Sunday, February 28, 2010

Snelling 45+ 4/5

I haven’t written a race report since the Early Bird RR, and I am hesitant to write one here. This race was disappointing for me on more than one level. It was a 2 ½ hour drive from home to get there and I had no teammates to race with. On the plus side, the weather was clearing by the time our group lined up at the start. There were reports of a few spots on the course with standing water in the roadway, and I had heard stories of numerous flats in the earlier races. At any rate, they sent us off for 4 laps.
The ride from the park to the course is neutral and we began “racing” when we got to the actual course. I put racing in quotes because it was hard to tell the difference. The 45+ 4/5 category seems to be content with easy efforts in these flatter races. The idea seems to be, “just get to the finish and do your best in the sprint”. At no time in this race did I feel under the kind of pressure I would expect on the Santa Cruz area group rides. I tried to go off the front on 3 occasions, but on my own, I did not have the power and endurance to stay away. Goes to show that all these other guys are right, but it doesn’t change the fact that it isn’t that much fun.
These flatter races are the ones I was hoping to do better in. Based on things so far, my best expectation may be to be pack filler. I will continue to look for ways to become competitive. 17th.

Tuesday, February 23, 2010

Retül fitment at Bicycle Trip

Most of us know how important it is to have our bicycles fit our bodies as closely as possible. Poor bike fit is not only slower, but can lead to repetitive stress injuries over time... especially for old guys who are trying to "get back in shape" after years of couch-potato drills. I've been professionally fitted to my bikes three times over the years, and also done it myself using various established methods (Colorado Cyclist has a nice online fitment tool). But when Bicycle Trip bought a full-on Retül Fit Studio I knew it was time to reevaluate my bike's adjustments.

Retül uses sophisticated motion capture to dynamically analyze the motion of your body's joints in 3D, using a special sensor and adhesive markers attached at key body joints (feet, ankles, knees, hips, shoulders, elbows and wrists). You then pedal your own bike at power on a trainer placed in front of the sensor which records the position of each marker in 3D space over time. From this any wobbles and inefficient joint angles can be precisely defined and eliminated through the usual bike adjustments. I'd seen similar technology covered on TV before... but only for pro golfers and baseball players.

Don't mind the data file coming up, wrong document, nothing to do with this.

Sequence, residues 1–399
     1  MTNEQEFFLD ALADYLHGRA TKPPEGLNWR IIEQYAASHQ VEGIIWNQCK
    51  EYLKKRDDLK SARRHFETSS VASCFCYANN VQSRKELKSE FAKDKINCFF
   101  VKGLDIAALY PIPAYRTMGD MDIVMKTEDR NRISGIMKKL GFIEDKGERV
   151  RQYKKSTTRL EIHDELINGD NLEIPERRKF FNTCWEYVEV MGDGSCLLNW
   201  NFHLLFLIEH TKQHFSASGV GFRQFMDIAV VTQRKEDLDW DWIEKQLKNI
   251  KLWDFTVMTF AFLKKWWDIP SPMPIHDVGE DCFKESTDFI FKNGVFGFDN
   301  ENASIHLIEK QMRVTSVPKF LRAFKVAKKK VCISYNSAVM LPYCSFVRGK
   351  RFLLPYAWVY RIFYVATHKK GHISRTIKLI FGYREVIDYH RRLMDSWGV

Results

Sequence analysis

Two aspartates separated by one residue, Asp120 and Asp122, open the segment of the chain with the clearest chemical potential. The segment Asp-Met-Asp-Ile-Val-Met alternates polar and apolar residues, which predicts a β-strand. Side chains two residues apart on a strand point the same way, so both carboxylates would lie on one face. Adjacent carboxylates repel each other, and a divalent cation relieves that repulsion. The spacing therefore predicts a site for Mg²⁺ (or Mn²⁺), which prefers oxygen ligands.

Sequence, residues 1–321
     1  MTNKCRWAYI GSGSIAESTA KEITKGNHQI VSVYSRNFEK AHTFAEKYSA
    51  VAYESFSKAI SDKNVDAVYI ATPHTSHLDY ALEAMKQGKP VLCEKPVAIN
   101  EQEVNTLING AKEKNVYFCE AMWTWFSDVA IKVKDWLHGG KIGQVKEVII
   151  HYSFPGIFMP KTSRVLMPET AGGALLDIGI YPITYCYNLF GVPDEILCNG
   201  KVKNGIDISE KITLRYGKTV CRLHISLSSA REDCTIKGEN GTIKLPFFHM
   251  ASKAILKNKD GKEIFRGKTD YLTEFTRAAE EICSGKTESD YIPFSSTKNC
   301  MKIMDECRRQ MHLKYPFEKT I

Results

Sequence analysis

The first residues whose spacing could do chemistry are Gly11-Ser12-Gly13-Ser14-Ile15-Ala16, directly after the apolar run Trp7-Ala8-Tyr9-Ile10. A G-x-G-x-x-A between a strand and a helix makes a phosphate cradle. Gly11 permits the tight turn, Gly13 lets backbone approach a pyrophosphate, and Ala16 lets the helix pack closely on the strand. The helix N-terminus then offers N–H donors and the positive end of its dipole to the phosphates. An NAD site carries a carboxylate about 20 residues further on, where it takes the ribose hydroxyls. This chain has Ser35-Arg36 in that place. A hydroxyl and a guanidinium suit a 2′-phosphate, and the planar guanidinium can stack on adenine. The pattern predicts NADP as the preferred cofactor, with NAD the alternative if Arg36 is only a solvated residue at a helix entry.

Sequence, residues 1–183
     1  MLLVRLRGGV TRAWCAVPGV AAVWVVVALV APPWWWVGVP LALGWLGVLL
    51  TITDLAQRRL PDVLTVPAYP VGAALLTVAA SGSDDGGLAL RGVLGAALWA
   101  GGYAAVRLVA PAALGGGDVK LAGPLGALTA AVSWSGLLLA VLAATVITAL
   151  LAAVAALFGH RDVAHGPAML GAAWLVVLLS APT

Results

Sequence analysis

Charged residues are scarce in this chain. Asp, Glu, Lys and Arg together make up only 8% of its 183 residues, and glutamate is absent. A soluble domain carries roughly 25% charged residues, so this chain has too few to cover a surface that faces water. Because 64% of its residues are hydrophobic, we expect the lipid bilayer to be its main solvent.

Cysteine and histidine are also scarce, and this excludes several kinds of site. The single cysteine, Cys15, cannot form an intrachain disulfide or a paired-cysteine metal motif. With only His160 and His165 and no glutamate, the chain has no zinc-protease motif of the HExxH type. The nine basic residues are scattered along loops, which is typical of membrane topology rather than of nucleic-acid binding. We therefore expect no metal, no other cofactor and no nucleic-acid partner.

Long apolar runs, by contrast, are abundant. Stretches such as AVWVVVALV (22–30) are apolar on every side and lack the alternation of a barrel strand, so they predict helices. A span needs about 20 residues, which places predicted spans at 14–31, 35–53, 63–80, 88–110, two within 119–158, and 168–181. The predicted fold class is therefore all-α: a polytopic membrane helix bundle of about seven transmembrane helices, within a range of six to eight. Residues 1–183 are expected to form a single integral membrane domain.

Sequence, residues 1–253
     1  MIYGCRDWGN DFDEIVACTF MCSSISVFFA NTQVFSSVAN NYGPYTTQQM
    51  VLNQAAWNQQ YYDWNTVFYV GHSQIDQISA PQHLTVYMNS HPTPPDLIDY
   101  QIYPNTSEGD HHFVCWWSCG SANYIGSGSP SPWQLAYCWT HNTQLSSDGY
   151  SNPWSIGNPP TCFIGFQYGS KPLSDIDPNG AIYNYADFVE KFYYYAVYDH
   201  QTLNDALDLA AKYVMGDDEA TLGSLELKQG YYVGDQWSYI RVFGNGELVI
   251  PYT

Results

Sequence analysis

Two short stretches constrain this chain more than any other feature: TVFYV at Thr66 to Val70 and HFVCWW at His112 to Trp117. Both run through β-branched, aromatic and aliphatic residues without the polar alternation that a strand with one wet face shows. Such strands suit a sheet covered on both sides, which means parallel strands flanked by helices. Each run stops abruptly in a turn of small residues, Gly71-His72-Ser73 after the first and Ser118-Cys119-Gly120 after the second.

After I was all plugged in and on my bike in front of the sensor, Aaron had me pedal at my "7 out of 10" power for 15 seconds. My motion was played back as a moving stick figure on the PC's screen. Everything was defined numerically too. We could instantly see how my position on my bike compared with typical ranges. Awesome!

From the graphical display we could see that my knees wobbled a bit laterally, but not enough to require adjustment.

But my back angle and arm reach were rather aggressive and probably hampered my power a bit. That might suit time-trialing, due to better aerodynamics, but that's not my goal. So we installed a shorter bar stem (80mm vs. 100mm) to reduce my hip angle while raising my back a bit.

I was fairly sure we'd raise my saddle too, for better use of my leg muscles, and we did. But my reach was still far so we shifted the saddle forward some. This effectively lowers the saddle in the process, so Aaron ended up raising the saddle even more, by a full inch from its original height. I couldn't believe it! Moving the saddle forward minimized the effect, but that was still a huge change.

When everything was done Aaron saved the results in PDF files saved out of Retül. He e-mailed them to me and now I have them available for future reference.

So, what's the net effect?

I've been riding on the adjusted bike for several weeks now, and so far it seems good. My bike now feels faster on climbs, thanks to better use of the leg muscles no doubt (I'd always felt it was too low while climbing but just figured it was my imagination). Sometimes I become very aware of the higher saddle, mostly on level roads. My hips stay level while pedaling though, so it's still within traditional parameters. And my power seems higher for the perceived exertion. I'd say thumbs up for sure!